The Amazing Grace of an Unjust God

God causes the sun to rise on the just and the unjust.

“Do not say that God is just…David may call him just and fair, but God’s own Son has revealed to us that he is before all things good and kind.  He is kind to the ungrateful and the wicked (Luke 6:34).  How can you call God just when you read the parable of the labourers in the vineyard and their wages?  ‘Friend, I am doing you no wrong…I choose to give to this last as I give to you…do you begrudge my generosity?’ (Matthew 20:13).  Likewise how can you call God just when you read the parable of the prodigal son who squanders his father’s wealth in riotous living, and the moment he displays some nostalgia his father runs to him, throws his arms around his neck and gives him complete power over all his riches?  It is not someone else who has told us this about God, so that we might have doubts.  It is his own Son himself.   He bore this witness to God.  Where is God’s justice?  Here, in the fact that we were sinners and Christ died for us…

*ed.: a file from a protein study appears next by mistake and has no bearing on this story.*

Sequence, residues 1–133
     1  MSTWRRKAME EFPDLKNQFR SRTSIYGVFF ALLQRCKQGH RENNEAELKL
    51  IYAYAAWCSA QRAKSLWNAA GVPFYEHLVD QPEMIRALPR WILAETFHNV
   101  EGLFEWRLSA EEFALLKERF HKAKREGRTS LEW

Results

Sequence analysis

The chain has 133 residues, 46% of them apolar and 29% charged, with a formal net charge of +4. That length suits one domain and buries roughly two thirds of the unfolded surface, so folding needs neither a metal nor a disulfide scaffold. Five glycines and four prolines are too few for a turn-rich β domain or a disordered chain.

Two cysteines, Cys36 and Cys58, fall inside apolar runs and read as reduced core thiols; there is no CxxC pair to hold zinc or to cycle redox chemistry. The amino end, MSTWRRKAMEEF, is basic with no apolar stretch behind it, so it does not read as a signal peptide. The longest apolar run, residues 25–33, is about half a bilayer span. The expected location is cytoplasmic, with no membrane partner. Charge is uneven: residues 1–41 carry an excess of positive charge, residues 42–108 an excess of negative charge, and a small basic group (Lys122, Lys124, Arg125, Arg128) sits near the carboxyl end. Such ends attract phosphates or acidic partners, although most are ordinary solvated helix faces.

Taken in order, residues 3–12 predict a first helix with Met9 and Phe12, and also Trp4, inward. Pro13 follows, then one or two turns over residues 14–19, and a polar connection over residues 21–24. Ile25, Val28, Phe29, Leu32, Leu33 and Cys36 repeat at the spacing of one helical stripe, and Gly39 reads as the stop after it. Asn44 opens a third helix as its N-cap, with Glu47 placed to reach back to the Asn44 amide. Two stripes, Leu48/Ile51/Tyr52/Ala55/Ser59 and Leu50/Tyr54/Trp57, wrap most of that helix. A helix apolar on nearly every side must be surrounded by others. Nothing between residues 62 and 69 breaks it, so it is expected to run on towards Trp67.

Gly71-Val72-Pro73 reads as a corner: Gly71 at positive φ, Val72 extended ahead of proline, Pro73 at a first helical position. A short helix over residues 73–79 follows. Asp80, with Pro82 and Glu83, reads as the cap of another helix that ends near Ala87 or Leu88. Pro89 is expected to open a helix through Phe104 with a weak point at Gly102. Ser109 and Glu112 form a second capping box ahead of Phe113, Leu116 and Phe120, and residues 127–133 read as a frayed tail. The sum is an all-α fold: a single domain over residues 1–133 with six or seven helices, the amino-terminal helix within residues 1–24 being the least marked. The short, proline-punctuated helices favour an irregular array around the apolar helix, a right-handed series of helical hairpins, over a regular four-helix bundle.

The injustice of God’s love.

O the wonder of the grace of our Creator!  O the unfathomable goodness with which he has invested the existence of us sinners in order to create it afresh!…Anyone who has offended and blasphemed him he raises us again…Sin is to fail to understand the grace of the resurrection.  Where is the hell that could afflict us?  Where is the damnation that could make us afraid to the extent of overwhelming the joy of God’s love?  What is hell, face to face with the grace of the resurrection when he will rescue us from damnation, enable this corruptible body to put on incorruption and raise up fallen humanity from hell to glory?…Who will appreciate the wonder of our Creator’s grace as it deserves?…In place of what sinners justly deserve, he gives them resurrection.  In place of the bodies that have profaned his law, he clothes them anew in glory…See, Lord, I can no longer keep silent before the ocean of thy grace.  I no longer have any idea how to express the gratitude that I owe thee…Glory be to thee in both the worlds that thou hast created for our growth and delight, guiding us by the path of thy majestic works to the knowledge of thy glory!”

(St. Isaac of Ninevah  quoted in Olivier Clément’s  The Roots of Christian Mysticism, pgs 306-307)